Sticking It to the Scofflaw
Time is money. But for drivers who try to save time by speeding through the streets of Finland, the money they'll owe can be staggering.
Case in point: In 2004 the heir to a family sausage fortune was caught driving 50 miles per hour in a 25 mph zone in Helsinki. His fine was 170,000 euros, then worth about $204,000.
The reason for such astronomical fines lies in Finland's lofty ideals of egalitarianism. The nation imposes graduated traffic fines based on the wealth of the lawbreaker as well as the severity of the offense. This system, adopted in 1921, is intended to ensure "equal severity of the fine for offenders of different income and wealth," according to a paper by Tapio Lappi-Seppala, director of the National Research Institute of Legal Policy. Traffic fines must hurt the millionaire as much as the minimum-wage worker.
"Dayfine." Until recently, fines were based on gross annual salary. But Finland takes nearly half its citizens' earnings in taxes, so in 1999 the law was changed to base fines on net income after taxes. The calculation includes many variables (such as the number of dependents and the value of real-estate holdings). But basically a police officer comes up with a figure called a "dayfine" equal to roughly half the offender's daily disposable income. The officer then multiplies that amount by a number between 1 and 120-reflecting the severity of the offense.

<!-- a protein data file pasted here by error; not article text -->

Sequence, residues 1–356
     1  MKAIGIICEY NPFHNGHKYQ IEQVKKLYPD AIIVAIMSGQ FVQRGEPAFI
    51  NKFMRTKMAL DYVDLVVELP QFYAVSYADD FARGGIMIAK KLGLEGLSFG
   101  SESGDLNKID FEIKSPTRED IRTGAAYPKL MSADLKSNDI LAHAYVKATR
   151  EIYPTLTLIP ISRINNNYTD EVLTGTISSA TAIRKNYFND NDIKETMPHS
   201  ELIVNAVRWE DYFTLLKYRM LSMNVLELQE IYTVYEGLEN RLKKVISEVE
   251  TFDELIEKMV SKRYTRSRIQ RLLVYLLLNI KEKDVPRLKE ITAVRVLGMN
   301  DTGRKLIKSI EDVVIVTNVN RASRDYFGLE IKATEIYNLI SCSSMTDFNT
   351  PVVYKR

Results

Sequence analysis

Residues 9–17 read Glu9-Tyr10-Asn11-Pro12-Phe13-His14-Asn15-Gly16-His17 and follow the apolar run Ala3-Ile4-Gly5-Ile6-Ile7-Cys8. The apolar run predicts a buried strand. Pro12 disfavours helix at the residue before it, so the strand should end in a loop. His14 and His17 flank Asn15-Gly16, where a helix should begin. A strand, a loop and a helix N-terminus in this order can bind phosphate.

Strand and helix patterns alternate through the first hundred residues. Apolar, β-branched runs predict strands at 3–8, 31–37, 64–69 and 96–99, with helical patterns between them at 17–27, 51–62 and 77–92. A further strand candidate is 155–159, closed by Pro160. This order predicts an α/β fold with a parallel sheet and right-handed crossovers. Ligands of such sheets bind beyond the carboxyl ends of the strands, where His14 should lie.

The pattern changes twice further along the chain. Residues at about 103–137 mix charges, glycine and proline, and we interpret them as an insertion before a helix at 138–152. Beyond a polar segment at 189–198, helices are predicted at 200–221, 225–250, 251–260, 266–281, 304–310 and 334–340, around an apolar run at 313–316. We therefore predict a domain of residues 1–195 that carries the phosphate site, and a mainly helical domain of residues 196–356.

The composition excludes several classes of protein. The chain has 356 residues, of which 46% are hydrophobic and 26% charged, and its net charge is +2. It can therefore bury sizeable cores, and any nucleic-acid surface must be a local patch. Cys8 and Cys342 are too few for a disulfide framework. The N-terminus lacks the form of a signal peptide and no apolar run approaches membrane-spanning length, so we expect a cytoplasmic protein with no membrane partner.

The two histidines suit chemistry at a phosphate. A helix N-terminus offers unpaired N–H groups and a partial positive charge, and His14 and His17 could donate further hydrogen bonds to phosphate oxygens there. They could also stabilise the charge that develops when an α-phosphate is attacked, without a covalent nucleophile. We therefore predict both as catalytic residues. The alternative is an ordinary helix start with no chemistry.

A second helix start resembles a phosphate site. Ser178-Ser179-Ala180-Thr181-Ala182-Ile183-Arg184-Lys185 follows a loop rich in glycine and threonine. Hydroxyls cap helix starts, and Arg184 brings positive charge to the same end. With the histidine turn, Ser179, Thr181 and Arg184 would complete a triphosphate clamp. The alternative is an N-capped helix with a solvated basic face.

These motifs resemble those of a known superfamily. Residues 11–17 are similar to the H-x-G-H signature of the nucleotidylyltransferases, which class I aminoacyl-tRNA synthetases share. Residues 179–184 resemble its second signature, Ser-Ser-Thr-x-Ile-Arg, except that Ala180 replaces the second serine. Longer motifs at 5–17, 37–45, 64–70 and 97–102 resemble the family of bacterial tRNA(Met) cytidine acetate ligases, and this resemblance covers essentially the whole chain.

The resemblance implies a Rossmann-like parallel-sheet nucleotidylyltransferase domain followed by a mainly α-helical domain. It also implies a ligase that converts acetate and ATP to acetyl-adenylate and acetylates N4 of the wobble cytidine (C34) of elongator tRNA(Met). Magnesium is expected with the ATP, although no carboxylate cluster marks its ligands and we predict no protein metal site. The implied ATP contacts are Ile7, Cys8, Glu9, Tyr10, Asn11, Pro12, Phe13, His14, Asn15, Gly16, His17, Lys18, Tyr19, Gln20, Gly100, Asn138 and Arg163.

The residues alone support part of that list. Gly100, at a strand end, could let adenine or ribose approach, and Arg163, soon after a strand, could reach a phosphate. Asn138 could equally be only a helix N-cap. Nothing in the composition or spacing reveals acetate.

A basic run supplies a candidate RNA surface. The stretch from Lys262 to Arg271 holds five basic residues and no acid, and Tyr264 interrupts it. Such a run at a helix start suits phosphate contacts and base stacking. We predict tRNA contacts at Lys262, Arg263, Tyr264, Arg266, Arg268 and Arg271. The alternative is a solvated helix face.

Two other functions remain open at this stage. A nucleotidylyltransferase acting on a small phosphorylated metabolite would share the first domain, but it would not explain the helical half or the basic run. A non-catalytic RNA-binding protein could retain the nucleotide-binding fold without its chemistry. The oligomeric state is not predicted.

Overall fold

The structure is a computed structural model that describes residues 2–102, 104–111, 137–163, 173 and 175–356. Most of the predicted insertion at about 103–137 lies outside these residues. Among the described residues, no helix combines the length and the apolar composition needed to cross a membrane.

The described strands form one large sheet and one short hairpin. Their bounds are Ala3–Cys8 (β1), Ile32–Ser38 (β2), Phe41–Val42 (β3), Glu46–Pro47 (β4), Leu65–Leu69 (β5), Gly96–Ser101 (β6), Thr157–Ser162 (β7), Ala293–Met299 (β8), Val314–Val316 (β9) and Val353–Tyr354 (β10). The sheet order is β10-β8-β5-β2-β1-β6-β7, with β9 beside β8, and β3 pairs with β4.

A typical drunk-driving charge might be worth 40 dayfines. An offender earning about $2,000 a month would be fined roughly $1,050; a person earning roughly $7,900 a month would pay closer to $5,000 for the same offense. Police used to rely on honesty to learn their income; now they can use cellphones to tap into tax records.
While some have protested what they see as exorbitant fines, surveys show that 80 percent of Finns think the practice is fair. "The system is very democratic," says Heikki Summala, professor of traffic psychology at the University of Helsinki. "Huge fines are not common, and the people who get them generally accept it, because they have the money to pay for it."
There's no evidence that the dayfine system reduces the number of traffic violations. Still, fines help fund Finnish services like free education and healthcare for all.
This story appears in the March 26, 2007 print edition of U.S. News & World Report.